The two of them made the rounds along a string of strangers who pumped Dallas’s hand and pressed business cards into his palm. Shaking my head at a couple of servers handing out hors d’oeuvres and glasses of champagne, I wandered toward the back of the house, where a set of stairs led down into the basement. I figured Tyrell had probably locked up his surprisingly lovable Rottweiler, Sable, in the laundry room as usual. I glanced back over my shoulder. My boyfriend was smiling his professional entertainer smile and nodding as a silver-haired guy showed him something on an iPhone. I opened the door to the basement with a creak and closed it behind me. Dallas would text me if he needed me.
Sable was smart enough not to bark when the door opened. Instead I heard the sound of her nails clicking across the cement floor as I flipped on the light. I’d only been there two other times, but either the dog remembered me or she was lonely enough to cuddle up to a stranger. She butted her head against my hand and then loped off into the darkness.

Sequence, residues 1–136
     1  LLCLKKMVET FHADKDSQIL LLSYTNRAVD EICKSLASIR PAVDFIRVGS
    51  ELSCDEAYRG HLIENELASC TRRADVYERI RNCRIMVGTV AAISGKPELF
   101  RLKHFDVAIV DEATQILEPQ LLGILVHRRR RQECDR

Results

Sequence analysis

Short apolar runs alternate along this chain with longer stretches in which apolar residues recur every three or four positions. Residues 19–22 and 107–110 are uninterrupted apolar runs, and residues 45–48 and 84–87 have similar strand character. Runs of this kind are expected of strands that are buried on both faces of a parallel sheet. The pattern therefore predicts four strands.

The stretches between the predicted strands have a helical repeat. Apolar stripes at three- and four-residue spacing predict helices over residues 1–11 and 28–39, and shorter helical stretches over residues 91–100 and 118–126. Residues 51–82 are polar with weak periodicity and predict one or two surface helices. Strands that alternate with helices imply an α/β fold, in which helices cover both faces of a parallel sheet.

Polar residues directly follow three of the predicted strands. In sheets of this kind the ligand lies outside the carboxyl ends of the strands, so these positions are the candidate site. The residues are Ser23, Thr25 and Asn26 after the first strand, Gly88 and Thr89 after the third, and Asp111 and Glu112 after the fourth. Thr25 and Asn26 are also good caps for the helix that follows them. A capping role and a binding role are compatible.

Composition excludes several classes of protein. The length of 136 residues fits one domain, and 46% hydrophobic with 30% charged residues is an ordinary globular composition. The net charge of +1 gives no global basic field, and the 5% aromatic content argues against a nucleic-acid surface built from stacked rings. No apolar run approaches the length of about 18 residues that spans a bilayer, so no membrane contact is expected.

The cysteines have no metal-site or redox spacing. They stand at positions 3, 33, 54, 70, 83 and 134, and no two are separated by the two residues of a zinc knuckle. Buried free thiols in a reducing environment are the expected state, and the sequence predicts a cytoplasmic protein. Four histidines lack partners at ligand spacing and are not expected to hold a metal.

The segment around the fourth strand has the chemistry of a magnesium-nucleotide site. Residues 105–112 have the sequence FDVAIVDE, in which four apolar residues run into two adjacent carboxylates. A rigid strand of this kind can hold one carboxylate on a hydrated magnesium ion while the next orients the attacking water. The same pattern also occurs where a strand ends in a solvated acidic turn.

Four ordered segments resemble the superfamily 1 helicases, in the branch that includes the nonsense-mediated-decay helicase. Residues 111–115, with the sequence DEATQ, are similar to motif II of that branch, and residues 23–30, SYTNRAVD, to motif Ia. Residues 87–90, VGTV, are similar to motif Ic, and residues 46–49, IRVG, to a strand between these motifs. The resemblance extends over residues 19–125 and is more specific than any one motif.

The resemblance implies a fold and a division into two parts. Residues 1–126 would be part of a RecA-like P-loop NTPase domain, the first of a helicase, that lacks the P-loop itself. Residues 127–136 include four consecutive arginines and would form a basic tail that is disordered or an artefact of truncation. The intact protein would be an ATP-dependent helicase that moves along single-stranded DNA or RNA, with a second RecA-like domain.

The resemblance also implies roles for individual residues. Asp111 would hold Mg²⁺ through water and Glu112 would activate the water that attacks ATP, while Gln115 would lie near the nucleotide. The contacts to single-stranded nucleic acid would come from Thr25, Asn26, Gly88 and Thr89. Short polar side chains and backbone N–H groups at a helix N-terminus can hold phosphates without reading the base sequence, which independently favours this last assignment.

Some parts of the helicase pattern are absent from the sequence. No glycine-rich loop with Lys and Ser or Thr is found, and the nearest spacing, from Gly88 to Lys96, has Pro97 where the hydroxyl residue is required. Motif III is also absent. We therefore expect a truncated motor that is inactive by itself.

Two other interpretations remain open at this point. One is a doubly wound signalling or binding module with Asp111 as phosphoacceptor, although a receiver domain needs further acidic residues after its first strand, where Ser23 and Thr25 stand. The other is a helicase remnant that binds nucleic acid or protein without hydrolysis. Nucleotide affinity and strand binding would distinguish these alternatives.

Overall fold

“Come here, girl.” I sat on the floor and patted my legs to get her attention. “What are you doing?”
Sable found a ball behind the washing machine and trotted over to me, dropping it next to me with a hopeful look. I rolled the ball across the floor and Sable caught up to it in about two strides. She brought it back and deposited it into my lap.
“Gross. You drooled on it.” I held it up like I was going to throw it and her mouth curled up into a smile. I smiled back—I’ve never been able to resist a smiling dog—and then flung the ball the length of the laundry room.
We played fetch until Sable was exhausted, and then she lay down on her side and looked up at me, her pink tongue dangling out of the corner of her mouth. I scratched her behind the ears.
“I’d much rather party with dogs,” I told her. “I don’t know why Tyrell locks you up. You are the cutest thing ever.”
She chuffed in agreement, her dark eyes falling closed. I leaned my head back against the wall of the laundry room and stroked Sable’s fur repeatedly. Above, a familiar beat started playing—Dallas’s first single, “Younity,” one of the tracks featuring Tyrell. The song is about kids and teens learning to support each other regardless of gender, race, wealth, etc. Fusion Records leaked the video in early spring and now it had more than seven million views.